In recent months, I’ve started to want to get out of London each weekend. I don’t know whether this is because I just find the whole London lifestyle exhausting, or because I’ve just realised that there is more to life outside of the big smoke.
Obviously I’d love it if I had the money to travel a little further, go somewhere and book a hotel and feel like I’d explored more of England – I can’t remember the last time I went further north than Manchester for example – but the budget doesn’t always stretch that far. And so, sometimes, options a little closer to home have to be explored.
Rochester, in Kent, seemed like a good place to start.
Getting to Rochester
Getting to Rochester from London is really easy. You have the pick of going via London Bridge, Victoria and St Pancras. If you go via St Pancras, you can get the HS1 link and it’ll only take around 35 minutes. If you get a slow link, it can take over an hour.
Just don’t do what I did, which is get the slow train by accident and arrive an hour later than planned feeling like a bit of a prat…
I’ll be honest and hold my hands up to not knowing that Rochester had such a connection with Dickens. It’s where he started and ended his life, and there are buildings he wrote about in his books which still stand on the high street today – you can find Miss Haversham’s home and various other buildings from Great Expectations, which sent a few shivers down my spine and lots of memories of GCSE English. There were also a lot of buildings from The Mystery of Edwin Drood, but I have to admit that that’s not a Dickens book I’ve ever clapped eyes on.
It’s clear that “kentrification” is alive and well in Rochester, you can see that while it was probably once a little bit poor, it’s now starting to get elements of money flooding into it. There are loads of independent shops to potter about it, I spent quite a bit of time in City Books, which sold a lot more than books, and managed to pick up some old bottles from the 1860s for a couple of quid, which I’m looking forward to using as vases once (if) I get them looking sparkly again.
There was also Baggins Book Bazaar, which had thousands of books to rummage around, and lots of old sweet shops, which was perfect for me as I’d been after parma violets for ages and London just wasn’t stumping up the goods.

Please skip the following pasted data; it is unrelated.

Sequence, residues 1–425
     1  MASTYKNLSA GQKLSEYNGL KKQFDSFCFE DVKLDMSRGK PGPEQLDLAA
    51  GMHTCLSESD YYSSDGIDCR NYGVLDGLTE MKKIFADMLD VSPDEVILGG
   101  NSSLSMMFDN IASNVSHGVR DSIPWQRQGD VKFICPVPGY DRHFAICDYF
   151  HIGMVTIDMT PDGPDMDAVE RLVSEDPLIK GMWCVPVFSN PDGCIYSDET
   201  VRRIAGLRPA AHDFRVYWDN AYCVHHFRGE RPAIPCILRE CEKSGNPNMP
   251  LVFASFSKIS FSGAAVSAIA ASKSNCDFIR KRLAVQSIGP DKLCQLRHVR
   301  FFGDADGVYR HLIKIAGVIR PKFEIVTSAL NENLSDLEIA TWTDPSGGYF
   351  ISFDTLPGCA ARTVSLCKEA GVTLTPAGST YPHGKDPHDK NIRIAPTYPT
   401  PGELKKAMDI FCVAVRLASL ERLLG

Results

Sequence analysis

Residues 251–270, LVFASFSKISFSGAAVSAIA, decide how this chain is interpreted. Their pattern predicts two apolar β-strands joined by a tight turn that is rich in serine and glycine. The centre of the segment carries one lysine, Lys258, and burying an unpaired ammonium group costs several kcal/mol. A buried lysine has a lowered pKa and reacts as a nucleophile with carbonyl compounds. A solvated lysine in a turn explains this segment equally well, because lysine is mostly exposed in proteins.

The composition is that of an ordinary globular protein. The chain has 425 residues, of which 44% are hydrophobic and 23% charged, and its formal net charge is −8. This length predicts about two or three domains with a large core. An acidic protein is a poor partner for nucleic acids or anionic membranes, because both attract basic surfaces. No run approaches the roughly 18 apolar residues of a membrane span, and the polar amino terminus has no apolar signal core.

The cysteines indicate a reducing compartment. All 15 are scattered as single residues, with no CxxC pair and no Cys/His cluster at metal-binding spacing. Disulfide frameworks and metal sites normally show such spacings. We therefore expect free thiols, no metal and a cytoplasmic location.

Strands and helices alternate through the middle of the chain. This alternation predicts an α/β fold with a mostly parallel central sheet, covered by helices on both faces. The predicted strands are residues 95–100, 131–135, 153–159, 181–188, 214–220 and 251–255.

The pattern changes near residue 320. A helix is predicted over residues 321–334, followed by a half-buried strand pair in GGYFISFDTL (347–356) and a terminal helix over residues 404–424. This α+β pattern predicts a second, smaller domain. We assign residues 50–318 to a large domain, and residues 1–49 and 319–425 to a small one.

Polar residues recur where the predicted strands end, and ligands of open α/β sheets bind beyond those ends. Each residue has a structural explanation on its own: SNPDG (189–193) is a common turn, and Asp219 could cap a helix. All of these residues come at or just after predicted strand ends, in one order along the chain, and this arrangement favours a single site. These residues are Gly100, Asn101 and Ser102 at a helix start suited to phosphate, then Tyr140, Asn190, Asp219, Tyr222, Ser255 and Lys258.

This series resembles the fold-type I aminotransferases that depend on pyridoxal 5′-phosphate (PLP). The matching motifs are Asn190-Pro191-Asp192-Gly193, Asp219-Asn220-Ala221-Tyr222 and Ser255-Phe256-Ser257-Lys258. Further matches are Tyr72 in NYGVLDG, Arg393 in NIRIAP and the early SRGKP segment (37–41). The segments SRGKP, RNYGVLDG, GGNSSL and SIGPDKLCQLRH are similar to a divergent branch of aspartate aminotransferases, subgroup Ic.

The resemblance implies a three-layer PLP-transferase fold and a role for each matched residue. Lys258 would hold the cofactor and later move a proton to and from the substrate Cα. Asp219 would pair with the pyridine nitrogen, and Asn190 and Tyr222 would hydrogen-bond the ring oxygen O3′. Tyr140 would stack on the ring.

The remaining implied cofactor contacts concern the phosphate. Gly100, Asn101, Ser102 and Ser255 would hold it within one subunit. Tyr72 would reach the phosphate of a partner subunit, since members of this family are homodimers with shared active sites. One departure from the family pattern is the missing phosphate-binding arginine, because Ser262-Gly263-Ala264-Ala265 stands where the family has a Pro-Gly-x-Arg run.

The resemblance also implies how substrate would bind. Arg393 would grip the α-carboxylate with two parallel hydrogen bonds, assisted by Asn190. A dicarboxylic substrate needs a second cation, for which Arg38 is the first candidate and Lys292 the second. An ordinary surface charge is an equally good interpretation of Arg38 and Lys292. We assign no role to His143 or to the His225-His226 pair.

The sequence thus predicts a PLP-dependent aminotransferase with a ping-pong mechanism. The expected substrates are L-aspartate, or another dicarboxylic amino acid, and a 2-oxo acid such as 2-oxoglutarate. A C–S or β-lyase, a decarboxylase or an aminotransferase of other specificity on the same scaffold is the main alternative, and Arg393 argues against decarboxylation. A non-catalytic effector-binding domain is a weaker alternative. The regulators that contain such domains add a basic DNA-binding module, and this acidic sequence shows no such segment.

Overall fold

Eat & Drink
Stop for a coffee at the Deaf Cat. For a start, I love that it’s named the Deaf Cat because Dickens’ used to have a deaf cat sat on his desk for inspiration.
Can I have a cat for inspiration? Please?
But seriously. It’s clear they love their coffee and they’re in a handy location on the high street. It’s a fun independent business.
For food, grab crepes at Crepe and Co near Rochester Castle. The building is really sweet and they have a wicked range of savoury and sweet pancakes as well as waffles. There seems to be the option to have Oreos with everything and that is the kind of eatery I can support.
Would I go again?
I quite enjoyed visiting Rochester. It’s opened my eyes to the possibility of not living in London for the rest of my life. I can see why Londoners are flocking to move there. Probably helps that you can buy a bloody massive seven bedroomed townhouse for £1m. Not that I have that amount of money, but it would barely get me a flat in London.
I also didn’t manage to go and see the castle when I was there either. It was closed! But it looked so imposing when we came in on the train and looked quite interesting too. I think it’d be quite an interesting addition to a day trip in Rochester.
If you’re a bit sick of London and need to get out for a day then I fully recommend jumping on the fast train and coming down to Rochester for a quick day trip.
Now, where next?